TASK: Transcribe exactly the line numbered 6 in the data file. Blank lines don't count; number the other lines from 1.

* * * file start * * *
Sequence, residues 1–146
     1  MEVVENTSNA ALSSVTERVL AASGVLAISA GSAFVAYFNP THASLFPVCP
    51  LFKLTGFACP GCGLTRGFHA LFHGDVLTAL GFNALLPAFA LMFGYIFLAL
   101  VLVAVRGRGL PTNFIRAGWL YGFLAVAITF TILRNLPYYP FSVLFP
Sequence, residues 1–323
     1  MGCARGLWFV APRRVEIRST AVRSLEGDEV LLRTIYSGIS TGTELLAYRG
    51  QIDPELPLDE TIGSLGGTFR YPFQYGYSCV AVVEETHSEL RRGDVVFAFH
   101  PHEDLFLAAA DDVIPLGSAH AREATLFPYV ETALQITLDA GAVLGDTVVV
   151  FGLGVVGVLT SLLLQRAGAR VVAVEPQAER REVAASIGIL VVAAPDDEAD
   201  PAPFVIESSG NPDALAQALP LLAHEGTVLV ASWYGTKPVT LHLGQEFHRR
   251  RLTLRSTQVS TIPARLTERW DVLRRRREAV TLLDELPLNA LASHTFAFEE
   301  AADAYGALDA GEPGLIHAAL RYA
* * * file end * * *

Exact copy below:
     1  MGCARGLWFV APRRVEIRST AVRSLEGDEV LLRTIYSGIS TGTELLAYRG